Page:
Large number of compiled dll's

Discussion in 'ASP .Net' started by Bogdan Nedelcu, Mar 5, 2005.

  1. Hello,

    I have some projects which have lot of aspx files. I notice that for each
    file, the ASP.NET compiles one .DLL in the Temporary ASP.NET folder + 3 or
    for aditional files.

    I think this slows the system down.

    Is there any possibility to put all these files in one DLL - like to
    precompile the whole site ?

    Regards,
    Bogdan
     
    Bogdan Nedelcu, Mar 5, 2005
    #1
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  2. Are you using VS.NET?

    "Bogdan Nedelcu" <bogdan._sterge_nedelcu@team_STERGE_net.ro> wrote in
    message news:eswB$...
    > Hello,
    >
    > I have some projects which have lot of aspx files. I notice that for each
    > file, the ASP.NET compiles one .DLL in the Temporary ASP.NET folder + 3 or
    > for aditional files.
    >
    > I think this slows the system down.
    >
    > Is there any possibility to put all these files in one DLL - like to
    > precompile the whole site ?
    >
    > Regards,
    > Bogdan
    >
     
    Tampa.NET Koder, Mar 5, 2005
    #2
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  3. I'm using VS.NET 2003, .NET 1.1
     
    Bogdan Nedelcu, Mar 5, 2005
    #3
  4. Well, hopefully you are using vs.net to compile you website. If this is the
    case, there is no need to worry. Now, if you remove the CodeBehind
    attribute and replace it with the Src attribute, then .net will compile your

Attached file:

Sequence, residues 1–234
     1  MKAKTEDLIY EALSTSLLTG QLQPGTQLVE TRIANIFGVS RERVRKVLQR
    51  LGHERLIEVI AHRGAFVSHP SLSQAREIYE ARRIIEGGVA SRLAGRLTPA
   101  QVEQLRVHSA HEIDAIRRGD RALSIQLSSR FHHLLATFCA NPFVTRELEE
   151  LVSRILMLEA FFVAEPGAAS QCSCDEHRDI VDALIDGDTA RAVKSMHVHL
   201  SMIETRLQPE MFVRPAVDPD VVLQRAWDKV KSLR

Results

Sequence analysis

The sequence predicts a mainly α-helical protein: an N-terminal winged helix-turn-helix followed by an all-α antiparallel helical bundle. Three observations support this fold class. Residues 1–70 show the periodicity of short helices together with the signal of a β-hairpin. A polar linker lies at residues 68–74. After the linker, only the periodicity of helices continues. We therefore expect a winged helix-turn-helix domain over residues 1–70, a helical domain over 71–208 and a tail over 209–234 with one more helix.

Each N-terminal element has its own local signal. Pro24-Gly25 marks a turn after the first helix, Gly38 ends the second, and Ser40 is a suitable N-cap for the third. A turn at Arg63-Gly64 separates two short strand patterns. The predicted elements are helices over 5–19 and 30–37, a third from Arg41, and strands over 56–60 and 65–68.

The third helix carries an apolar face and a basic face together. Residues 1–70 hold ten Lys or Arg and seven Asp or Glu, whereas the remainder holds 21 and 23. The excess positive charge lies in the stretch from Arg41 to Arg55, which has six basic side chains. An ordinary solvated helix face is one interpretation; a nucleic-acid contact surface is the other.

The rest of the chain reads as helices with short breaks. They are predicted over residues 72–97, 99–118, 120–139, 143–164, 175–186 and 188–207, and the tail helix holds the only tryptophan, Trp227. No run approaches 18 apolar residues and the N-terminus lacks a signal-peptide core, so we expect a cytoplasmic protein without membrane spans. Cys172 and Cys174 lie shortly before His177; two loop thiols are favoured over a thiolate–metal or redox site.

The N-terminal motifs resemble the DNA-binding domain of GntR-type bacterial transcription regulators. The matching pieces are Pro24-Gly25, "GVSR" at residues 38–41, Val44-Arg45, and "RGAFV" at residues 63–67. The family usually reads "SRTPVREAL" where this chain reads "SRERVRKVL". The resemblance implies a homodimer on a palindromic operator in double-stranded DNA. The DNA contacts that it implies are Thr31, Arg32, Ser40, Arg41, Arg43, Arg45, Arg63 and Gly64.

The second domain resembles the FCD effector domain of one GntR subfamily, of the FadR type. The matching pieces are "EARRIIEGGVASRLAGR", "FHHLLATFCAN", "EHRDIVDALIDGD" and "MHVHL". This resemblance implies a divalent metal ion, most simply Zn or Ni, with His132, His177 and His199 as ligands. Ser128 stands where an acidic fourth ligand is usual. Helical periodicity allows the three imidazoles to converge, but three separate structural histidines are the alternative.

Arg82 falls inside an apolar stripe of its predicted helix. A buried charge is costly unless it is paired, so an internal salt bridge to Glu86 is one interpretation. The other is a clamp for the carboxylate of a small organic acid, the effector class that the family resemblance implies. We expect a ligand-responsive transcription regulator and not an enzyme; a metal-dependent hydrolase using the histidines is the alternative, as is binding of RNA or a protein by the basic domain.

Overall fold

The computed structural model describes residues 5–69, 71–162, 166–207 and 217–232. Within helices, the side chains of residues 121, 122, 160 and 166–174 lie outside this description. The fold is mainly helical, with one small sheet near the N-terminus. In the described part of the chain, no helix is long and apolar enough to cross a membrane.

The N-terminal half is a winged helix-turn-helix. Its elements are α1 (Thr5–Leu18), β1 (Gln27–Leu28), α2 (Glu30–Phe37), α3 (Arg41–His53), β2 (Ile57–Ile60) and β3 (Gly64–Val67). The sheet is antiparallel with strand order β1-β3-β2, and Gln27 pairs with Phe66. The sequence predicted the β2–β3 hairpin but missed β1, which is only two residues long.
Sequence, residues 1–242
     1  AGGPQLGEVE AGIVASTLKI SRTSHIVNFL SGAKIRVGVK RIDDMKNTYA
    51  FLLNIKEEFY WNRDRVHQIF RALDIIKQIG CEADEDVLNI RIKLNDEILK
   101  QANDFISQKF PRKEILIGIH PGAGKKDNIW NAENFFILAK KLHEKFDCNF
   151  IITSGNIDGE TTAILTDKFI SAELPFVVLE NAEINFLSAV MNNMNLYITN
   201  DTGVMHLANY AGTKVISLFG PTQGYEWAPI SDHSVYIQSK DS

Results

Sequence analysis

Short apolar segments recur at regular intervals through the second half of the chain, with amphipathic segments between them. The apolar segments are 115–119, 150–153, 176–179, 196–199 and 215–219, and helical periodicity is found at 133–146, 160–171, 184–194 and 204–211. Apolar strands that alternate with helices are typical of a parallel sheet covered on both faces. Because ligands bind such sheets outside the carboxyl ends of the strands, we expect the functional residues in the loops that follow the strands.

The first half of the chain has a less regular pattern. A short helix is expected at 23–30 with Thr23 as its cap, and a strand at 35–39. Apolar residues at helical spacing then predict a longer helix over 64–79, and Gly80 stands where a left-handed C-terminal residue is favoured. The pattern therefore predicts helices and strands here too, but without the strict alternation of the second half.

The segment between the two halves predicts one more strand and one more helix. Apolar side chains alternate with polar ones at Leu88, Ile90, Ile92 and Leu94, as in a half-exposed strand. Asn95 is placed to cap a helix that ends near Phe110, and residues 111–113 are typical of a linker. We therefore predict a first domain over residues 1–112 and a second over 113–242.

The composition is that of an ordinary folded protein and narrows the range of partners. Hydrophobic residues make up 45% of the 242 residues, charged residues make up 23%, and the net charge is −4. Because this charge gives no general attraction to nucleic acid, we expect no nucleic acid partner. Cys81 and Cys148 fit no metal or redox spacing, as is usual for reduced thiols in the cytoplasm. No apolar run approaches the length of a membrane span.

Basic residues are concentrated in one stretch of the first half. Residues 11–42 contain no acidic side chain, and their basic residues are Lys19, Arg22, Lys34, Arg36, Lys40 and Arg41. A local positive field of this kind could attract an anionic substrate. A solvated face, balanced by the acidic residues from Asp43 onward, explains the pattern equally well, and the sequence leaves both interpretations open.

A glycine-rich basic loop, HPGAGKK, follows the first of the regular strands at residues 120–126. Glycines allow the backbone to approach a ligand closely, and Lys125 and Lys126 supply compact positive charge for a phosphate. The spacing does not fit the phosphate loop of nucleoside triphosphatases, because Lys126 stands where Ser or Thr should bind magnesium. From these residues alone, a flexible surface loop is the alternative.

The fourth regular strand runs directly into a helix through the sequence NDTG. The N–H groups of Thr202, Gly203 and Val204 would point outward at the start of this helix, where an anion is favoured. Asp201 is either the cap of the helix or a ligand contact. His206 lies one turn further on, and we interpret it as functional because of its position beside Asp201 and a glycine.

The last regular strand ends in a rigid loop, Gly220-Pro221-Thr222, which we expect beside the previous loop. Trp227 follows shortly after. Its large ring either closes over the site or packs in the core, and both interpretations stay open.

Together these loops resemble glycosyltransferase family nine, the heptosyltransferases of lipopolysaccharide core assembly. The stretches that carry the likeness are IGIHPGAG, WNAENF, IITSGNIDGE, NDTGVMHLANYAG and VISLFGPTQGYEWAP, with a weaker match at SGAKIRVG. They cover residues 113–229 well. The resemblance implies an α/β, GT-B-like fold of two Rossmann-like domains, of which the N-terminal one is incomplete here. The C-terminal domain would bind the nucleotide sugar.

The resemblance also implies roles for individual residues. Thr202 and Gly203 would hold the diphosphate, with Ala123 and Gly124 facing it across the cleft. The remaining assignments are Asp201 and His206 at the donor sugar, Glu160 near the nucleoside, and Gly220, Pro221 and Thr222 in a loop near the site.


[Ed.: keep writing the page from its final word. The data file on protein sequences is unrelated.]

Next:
page on the first request to that page.


    "Bogdan Nedelcu" <bogdan._sterge_nedelcu@team_STERGE_net.ro> wrote in
    message news:...
    >
    > I'm using VS.NET 2003, .NET 1.1
    >
    >
    >
     
    Tampa.NET Koder, Mar 5, 2005
    #4
  5. Sorry but I don't think I understand what you mean.

    Can you detail a bit more please.

    From my knowledge, VS.NET doesn't compile the ASPX pages, only the
    Codebehind (.cs) files, so only the ASP.NET framework is responsible for
    compiling at first request. But this is actually the problem, if the page is
    compilled at request time, it will generate a dll for each aspx file.

    "Tampa.NET Koder" <> wrote in message
    news:...
    > Well, hopefully you are using vs.net to compile you website. If this is
    > the case, there is no need to worry. Now, if you remove the CodeBehind
    > attribute and replace it with the Src attribute, then .net will compile
    > your page on the first request to that page.
    >
    >
    > "Bogdan Nedelcu" <bogdan._sterge_nedelcu@team_STERGE_net.ro> wrote in
    > message news:...
    >>
    >> I'm using VS.NET 2003, .NET 1.1
    >>
    >>
    >>

    >
    >
     
    Bogdan Nedelcu, Mar 5, 2005
    #5
  6. Well then, you have answered your own question. Yes you are right, at
    runtime the codebehind file and the aspx file gets compile into one file.
    So, if this is the way that the asp.net team designed it, are you looking
    for a way to bypass this model? To be honest, compiled code will never slow
    you down, its a whole lot faster and scripting as previously done with ASP.
    Maybe you should try other things, like turning off default settings like
    Debug="false", EnableSessionState="false", etc. Keeping these settings on if
    you have no use for them does have a performance hit. Otherwise, I would
    wait for someone else to reply to see if they have a solution for you.



    "Bogdan Nedelcu" <bogdan._sterge_nedelcu@team_STERGE_net.ro> wrote in
    message news:%...
    > Sorry but I don't think I understand what you mean.
    >
    > Can you detail a bit more please.
    >
    > From my knowledge, VS.NET doesn't compile the ASPX pages, only the
    > Codebehind (.cs) files, so only the ASP.NET framework is responsible for
    > compiling at first request. But this is actually the problem, if the page
    > is compilled at request time, it will generate a dll for each aspx file.
    >
    > "Tampa.NET Koder" <> wrote in message
    > news:...
    >> Well, hopefully you are using vs.net to compile you website. If this is
    >> the case, there is no need to worry. Now, if you remove the CodeBehind